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Getting Over Jet Lag

Doctorpedia Editorial Team Doctorpedia Editorial Team July 15, 2021
Medically reviewed by Susan Kerrigan, MD and Marianne Madsen

Air travel is only getting more popular–planes are getting more comfortable, more destinations are available, and fares even take the occasional dip. Business and leisure trips alike benefit from these many advancements, but the savvy traveller knows that there will still be problems along the way; airport screening, customs, lost luggage, and, of course, jet lag. 

 

What Causes Jet Lag?

 

Jet lag happens when one moves across the world through day or night too quickly for one’s body to adjust to the idea that it is not the same time anymore. Humans have an internal clock that makes us feel tired or awake, and that clock grows accustomed to one time zone. In the past, travel was slow enough that one couldn’t change time zones fast enough to feel a difference, but now, a person can feel like it’s noon when they are at a place where twilight will fall in just an hour or two. That person can become jet lagged, with the body thinking that it still has six hours left until sunset and then demanding to sleep at an inconvenient time.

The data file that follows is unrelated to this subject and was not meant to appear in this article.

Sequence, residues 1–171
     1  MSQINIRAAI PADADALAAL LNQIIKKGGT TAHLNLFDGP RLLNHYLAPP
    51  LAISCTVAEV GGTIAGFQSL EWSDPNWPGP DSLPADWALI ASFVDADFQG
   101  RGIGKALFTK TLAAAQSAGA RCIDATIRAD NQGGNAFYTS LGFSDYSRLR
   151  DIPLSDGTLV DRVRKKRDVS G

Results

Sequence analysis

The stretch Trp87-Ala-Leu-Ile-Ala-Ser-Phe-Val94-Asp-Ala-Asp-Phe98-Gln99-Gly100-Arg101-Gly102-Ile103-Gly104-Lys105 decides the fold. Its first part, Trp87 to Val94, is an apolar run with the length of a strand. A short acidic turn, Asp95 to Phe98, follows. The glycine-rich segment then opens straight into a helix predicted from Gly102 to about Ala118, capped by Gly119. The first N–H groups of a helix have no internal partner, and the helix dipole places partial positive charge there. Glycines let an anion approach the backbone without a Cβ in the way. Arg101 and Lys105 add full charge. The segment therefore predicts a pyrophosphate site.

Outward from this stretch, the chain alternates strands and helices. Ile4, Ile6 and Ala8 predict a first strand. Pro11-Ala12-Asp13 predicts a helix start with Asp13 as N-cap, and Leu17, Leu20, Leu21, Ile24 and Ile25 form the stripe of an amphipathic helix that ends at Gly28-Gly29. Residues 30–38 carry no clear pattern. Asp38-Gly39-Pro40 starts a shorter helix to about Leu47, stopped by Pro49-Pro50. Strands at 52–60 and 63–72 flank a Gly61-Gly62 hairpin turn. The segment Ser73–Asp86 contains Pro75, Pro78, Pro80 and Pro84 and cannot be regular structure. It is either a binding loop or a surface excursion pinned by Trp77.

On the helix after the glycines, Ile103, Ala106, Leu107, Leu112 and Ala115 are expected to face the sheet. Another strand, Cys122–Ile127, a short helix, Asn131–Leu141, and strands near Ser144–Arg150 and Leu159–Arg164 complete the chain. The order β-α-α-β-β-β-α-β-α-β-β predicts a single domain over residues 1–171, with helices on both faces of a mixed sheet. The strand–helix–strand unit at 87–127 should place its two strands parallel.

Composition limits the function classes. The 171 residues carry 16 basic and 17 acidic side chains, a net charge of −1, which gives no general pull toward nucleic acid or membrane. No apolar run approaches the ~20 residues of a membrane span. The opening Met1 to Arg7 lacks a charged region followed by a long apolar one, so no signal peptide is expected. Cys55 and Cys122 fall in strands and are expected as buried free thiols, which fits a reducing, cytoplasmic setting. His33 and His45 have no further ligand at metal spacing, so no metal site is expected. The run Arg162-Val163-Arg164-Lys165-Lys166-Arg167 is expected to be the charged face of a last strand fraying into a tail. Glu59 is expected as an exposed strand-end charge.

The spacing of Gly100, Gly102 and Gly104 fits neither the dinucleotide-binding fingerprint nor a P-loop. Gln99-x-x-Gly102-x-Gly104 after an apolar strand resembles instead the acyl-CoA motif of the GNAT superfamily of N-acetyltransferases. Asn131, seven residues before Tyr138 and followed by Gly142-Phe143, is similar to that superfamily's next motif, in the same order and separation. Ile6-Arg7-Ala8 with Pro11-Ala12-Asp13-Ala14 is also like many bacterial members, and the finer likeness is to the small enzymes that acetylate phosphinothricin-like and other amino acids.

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Alcohol and Sleep

What Can Be Done About It? 

 

The best thing to do is try to catch a flight that will make only a minimal impact on your sleep schedule. Try to choose a flight that takes place mostly during the day, arriving in early evening; once you’ve arrived, go to bed when it’s time to sleep at your destination. On the flip side, if you arrive at your destination during the day, try to stay awake until it’s bedtime there.

 

Schedule meals at the correct times for your destination–eating and digesting are strong regulating influences on your biological clock. Remember to stay properly hydrated on your flight–your sleep schedule is only one of the things that dehydration can upset. 

 

Certain foods and drinks are known to be detrimental to your body clock correcting to your new time zone. Of particular note are alcohol and caffeine, both of which seriously impair your body’s sense of time and ability to regulate your sleep schedule. 

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Many flights distribute sleep aids, such as pillows, blankets, eye masks, and earplugs to passengers and will dim the lights for a large portion of the flight. Take advantage of these aids during night-time flights to help you sleep during the flight and land well rested in the morning. If you are flying by day, make sure to stand up and move around to keep yourself on a daytime schedule until it is time to sleep at your destination. 

 

Another recommendation is to take melatonin during the evening when you arrive at your destination for the first few nights. This hormone helps your body manage its sleep cycle, and taking it during the evening may help you adjust your sleep schedule to your destination.

 

Another tip is to make sure your body is exposed to the different types of light at your destination. For example, make sure you get exposure to bright daylight in the morning, and watch the sunset. This can give your body cues as to when it’s time to wake and time to sleep.



Conclusion

 

Don’t let jet lag stop you from seeing the world. These simple tips can help you to enjoy your trip without losing too much sleep over it. 

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